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Lessons from the endowment model

IN THE WEEKS following the stockmarket crash in October 1987, the investment committee of Yale University’s endowment fund convened two extraordinary meetings. Just after the crash its newish chief investment officer, David Swensen, had bought up stocks (which had become much cheaper) paid for by sales of bonds. Though in line with the fund’s agreed policy, this rebalancing appeared rash in the context of the market gloom—hence the meetings. One committee member said there would be “hell to pay” if Yale got it wrong. But the original decision stood. And it paid off handsomely.

A lot of investors say they have a long horizon. A new study by David Chambers, Elroy Dimson and Charikleia Kaffe, of Cambridge University’s Judge Business School, finds that America’s big endowment funds have lived up to the claim.* They have been pioneers in allocating to riskier assets, most notably to “alternatives” such as private equity. When others flee risk, they have embraced it. They are supposed to see the farthest, after all: their goal is to meet the needs of beneficiaries for generations.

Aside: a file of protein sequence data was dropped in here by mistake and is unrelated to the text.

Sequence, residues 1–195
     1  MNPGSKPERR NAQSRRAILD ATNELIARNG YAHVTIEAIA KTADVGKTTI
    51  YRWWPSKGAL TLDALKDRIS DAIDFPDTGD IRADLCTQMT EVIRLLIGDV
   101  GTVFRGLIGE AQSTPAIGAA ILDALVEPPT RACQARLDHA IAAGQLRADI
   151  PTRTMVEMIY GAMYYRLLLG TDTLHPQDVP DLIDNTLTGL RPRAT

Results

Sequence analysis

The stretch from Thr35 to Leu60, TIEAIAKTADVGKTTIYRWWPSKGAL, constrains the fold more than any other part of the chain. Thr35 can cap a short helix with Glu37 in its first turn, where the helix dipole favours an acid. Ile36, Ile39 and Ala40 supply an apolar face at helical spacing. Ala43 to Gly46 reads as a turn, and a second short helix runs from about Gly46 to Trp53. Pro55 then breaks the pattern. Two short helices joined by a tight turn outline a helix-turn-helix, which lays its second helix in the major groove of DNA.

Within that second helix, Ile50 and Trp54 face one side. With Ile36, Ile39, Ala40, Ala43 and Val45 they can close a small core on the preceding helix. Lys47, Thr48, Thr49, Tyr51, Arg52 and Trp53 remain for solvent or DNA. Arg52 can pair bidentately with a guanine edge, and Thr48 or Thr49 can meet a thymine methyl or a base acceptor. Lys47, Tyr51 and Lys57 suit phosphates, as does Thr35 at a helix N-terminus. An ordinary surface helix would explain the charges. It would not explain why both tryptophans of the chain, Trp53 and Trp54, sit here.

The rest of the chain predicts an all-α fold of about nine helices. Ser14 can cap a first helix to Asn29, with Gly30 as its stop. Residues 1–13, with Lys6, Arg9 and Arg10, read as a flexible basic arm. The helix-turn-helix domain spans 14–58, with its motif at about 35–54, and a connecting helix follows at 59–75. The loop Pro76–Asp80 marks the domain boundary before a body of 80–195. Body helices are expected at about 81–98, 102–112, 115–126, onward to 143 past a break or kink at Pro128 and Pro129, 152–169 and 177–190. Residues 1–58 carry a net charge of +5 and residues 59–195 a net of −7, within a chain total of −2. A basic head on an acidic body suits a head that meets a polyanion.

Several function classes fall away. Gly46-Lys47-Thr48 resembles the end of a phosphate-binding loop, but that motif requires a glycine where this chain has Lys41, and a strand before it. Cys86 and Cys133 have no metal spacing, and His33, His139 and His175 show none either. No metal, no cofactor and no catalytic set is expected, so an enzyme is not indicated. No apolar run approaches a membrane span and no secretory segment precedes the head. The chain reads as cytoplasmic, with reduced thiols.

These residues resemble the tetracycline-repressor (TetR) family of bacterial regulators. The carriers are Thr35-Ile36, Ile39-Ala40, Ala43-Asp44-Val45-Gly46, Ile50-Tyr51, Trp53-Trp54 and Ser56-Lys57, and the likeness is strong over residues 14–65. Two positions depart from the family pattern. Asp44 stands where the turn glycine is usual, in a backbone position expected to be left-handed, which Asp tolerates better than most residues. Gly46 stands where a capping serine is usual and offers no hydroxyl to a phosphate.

Other investors seek to emulate the success of Yale and the other Ivy League endowments. Every other pension plan says it wants to plough more money into alternatives. Yet this is only one strut of the endowment model. It also requires smart people...



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